Katie Meyer who helped Stanford win 2019 soccer championship, dies at age 22.
Stanford senior goalkeeper Katie Meyer, whose penalty kick save was one of the most memorable moments of the 2019 NCAA women’s soccer championship, has died, the school said.
The school first mentioned a death in an on-campus residence on Tuesday, but did not release a name until family had been notified. It did not give a cause of death. The school said counseling staff has been on-site at her residence hall and athletics counseling staff has been working with student-athletes.
Meyer was a senior majoring in International Relations with a minor in History. She was also a resident assistant and captain of the Stanford women’s soccer team. She has one older sister and one younger sister and had turned 22 in January.
It was her celebration during penalty kicks of the 2019 NCAA women’s College Cup title game that endeared her to fans across the nation while also irking others. Stanford and North Carolina were tied after regulation and still sat 0-0 through the two overtime periods. It sent the match to penalty kicks for the first time in NCAA championship history.
Meyer saved the first penalty attempt, but the sides built to a 4-4 even score. That was when Meyer saved another shot to keep it there and gave a fired-up celebration to the camera near the goal post. Kiara Pickett scored to give Stanford the 5-4 edge and the program’s third title.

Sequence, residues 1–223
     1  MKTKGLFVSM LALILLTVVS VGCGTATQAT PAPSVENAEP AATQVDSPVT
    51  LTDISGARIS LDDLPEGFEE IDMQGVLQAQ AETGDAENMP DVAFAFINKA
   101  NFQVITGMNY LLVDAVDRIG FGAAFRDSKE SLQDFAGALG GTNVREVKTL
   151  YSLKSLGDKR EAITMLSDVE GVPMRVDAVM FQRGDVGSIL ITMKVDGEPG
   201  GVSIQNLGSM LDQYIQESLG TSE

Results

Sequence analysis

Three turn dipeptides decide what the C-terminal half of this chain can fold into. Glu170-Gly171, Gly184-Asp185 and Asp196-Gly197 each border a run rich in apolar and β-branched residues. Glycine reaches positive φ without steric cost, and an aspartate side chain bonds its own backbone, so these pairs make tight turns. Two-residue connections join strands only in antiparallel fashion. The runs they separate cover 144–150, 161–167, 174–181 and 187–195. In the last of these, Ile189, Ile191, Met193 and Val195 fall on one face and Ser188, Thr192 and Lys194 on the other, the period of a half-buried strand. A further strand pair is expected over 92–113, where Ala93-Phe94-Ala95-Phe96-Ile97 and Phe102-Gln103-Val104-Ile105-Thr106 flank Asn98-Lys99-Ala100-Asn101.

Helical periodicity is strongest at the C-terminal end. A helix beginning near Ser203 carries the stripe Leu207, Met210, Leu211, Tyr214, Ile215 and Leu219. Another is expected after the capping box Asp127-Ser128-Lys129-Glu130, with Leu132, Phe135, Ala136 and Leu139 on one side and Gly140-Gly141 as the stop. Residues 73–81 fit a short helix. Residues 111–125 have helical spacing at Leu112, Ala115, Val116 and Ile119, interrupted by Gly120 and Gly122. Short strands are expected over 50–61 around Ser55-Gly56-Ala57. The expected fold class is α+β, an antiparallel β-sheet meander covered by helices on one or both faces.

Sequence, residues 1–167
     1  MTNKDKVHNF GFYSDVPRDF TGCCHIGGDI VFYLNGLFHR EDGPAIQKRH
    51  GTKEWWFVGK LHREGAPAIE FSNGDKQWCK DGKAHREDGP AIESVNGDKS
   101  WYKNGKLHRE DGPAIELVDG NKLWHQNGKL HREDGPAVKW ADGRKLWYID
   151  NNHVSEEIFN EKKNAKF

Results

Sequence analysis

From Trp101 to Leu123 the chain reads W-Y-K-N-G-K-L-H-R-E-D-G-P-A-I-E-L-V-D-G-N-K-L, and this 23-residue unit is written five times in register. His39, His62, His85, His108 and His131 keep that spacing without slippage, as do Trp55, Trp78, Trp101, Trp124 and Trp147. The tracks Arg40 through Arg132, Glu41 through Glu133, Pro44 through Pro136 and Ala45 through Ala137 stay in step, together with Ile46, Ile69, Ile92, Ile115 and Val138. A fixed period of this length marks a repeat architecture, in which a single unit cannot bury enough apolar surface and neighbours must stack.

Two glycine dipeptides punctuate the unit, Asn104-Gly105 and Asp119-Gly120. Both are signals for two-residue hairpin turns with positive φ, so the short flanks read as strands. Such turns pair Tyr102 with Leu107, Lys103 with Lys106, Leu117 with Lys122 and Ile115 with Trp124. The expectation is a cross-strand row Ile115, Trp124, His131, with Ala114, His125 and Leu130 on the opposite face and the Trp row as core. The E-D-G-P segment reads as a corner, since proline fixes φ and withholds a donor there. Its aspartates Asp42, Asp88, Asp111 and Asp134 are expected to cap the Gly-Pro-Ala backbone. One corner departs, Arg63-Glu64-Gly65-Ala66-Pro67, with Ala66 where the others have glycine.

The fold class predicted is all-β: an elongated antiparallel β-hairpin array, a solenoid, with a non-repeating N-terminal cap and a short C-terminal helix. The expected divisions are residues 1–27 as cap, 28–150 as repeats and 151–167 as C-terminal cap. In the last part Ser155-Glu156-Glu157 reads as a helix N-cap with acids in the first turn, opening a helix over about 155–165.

While many loved it, others said it crossed the line and some lobbed sexist comments. Meyer addressed those comments — and noted that she was 19 at the time, and therefore had never “been there before” — in an interview with Just Women’s Sports in January 2020.
“Going forward, I hope that if girls react that way again, which they will, because women are fierce, and everyone likes to play and be competitive — I hope the reaction stays positive. In the end, I’m happy a conversation was started about women being competitive because that’s what we are. We get heated in the moment. You can find that competitiveness anywhere, from lawyers, to moms, to someday, the future female president. People just need to take a step back and ask themselves, why do I think this? Why am I so shocked by a woman showing her passion?”